Legal & General put this more starkly. They say that women’s pensions at retirement are half the size of men’s (£12,000 versus £26,000), regardless of the sector they work in.

There are many explanations for this, from a remaining gender pay gap to the fact that women are much more likely to take a career break and miss out on several years of pension contributions.

Divorce is another key contributor if pension wealth is either overlooked or the female party “offsets” other assets against pensions.

Indeed, the report in PensionsAge found that 3 in 4 divorced women admitted to not talking about pensions as part of their settlement.

Failing to share pensions fairly on divorce can exacerbate an existing gender pension gap. So, it’s vital that you consider all assets when reaching a financial settlement.

3. The abolition of the Lifetime Allowance is great news if you have larger pension funds

Having removed the Lifetime Allowance (LTA) tax charge in 2023/24, the government will abolish the LTA in the 2024/25 tax year.

When a couple have used a Pension Sharing Order to split pension assets, this has typically counted towards the receiving spouse’s LTA. Simultaneously, the person making the pension credit will experience a fall in their pension benefits when tested against the LTA.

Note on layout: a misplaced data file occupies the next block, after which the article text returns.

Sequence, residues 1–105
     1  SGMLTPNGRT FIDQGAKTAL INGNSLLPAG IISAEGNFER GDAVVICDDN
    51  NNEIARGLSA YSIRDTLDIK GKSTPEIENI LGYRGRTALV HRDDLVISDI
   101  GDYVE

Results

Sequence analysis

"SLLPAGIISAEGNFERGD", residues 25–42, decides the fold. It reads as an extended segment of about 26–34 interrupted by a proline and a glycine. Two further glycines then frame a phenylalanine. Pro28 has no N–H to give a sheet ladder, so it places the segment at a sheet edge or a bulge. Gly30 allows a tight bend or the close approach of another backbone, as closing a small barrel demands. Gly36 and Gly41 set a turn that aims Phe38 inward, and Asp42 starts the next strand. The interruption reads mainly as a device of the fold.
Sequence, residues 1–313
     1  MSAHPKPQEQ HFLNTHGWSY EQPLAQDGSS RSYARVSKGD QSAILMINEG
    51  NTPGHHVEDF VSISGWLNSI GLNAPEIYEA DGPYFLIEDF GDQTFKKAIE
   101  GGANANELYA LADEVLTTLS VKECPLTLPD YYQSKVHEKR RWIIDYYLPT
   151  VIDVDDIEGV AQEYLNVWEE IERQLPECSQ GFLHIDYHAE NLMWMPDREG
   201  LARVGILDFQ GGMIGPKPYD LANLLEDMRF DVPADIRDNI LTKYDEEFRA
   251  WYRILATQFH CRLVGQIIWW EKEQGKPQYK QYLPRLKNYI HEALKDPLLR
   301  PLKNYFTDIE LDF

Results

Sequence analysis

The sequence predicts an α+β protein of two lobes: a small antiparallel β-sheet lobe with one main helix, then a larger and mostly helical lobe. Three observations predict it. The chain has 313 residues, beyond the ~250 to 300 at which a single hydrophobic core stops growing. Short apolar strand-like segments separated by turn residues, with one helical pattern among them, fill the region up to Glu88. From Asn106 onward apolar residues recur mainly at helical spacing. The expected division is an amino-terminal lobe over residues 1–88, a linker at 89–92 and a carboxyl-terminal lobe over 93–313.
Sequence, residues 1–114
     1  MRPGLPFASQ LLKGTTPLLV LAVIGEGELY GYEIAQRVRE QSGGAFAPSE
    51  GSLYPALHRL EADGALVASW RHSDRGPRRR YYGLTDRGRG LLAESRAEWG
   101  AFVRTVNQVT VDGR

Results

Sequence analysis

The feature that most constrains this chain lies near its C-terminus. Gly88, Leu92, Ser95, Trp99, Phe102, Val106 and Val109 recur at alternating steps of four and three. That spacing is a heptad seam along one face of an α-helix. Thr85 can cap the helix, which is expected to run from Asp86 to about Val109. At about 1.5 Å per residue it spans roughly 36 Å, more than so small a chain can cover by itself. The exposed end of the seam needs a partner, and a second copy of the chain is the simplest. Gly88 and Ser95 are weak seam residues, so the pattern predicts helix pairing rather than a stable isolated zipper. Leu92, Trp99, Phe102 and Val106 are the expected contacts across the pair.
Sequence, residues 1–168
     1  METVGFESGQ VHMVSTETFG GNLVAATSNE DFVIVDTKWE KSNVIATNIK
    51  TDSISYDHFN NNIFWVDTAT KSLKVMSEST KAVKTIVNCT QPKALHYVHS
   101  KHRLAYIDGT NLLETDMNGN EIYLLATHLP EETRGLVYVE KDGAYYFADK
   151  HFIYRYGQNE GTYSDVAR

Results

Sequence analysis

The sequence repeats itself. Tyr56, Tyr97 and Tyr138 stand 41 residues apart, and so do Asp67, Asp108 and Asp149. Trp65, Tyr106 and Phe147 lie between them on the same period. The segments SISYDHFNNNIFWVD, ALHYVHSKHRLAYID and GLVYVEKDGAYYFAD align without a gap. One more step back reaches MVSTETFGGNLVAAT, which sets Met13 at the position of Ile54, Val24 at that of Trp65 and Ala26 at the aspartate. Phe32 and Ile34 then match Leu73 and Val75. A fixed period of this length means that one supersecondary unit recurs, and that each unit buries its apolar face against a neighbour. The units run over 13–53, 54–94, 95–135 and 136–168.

So, someone with an existing pension of £900,000 receiving a pension share of, say, £400,000 would have seen their fund exceed the LTA, leading to a tax charge when they came to draw the funds.

Previously, this led to increased complexity when it came to pension sharing, as any LTA tax charge had to be considered when determining how pension funds would be split on divorce.

Consequently, the abolition of the LTA is great news if you are divorcing, and one or both parties have larger pension funds.

You now have no upper limit on the amount you can accrue without losing 25% of the value of the fund above the LTA to tax (if drawn as income) or 55% (if drawn as a lump sum).

The result is that it’s possible for both parties to agree a fair split of pensions without concerns about additional LTA tax charges.

Get in touch

If you are separating and would like advice on your options when it comes to dividing pension wealth please get in touch.

Contact us online or call 020 7400 4700.

Please note

This article is for general information only and does not constitute advice. The information is aimed at retail clients only.

Please do not act based on anything you might read in this article. All contents are based on our understanding of HMRC legislation, which is subject to change.

A pension is a long-term investment not normally accessible until 55 (57 from April 2028). The fund value may fluctuate and can go down, which would have an impact on the level of pension benefits available. Past performance is not a reliable indicator of future performance.

The tax implications of pension withdrawals will be based on your individual circumstances. Thresholds, percentage rates, and tax legislation may change in subsequent Finance Acts.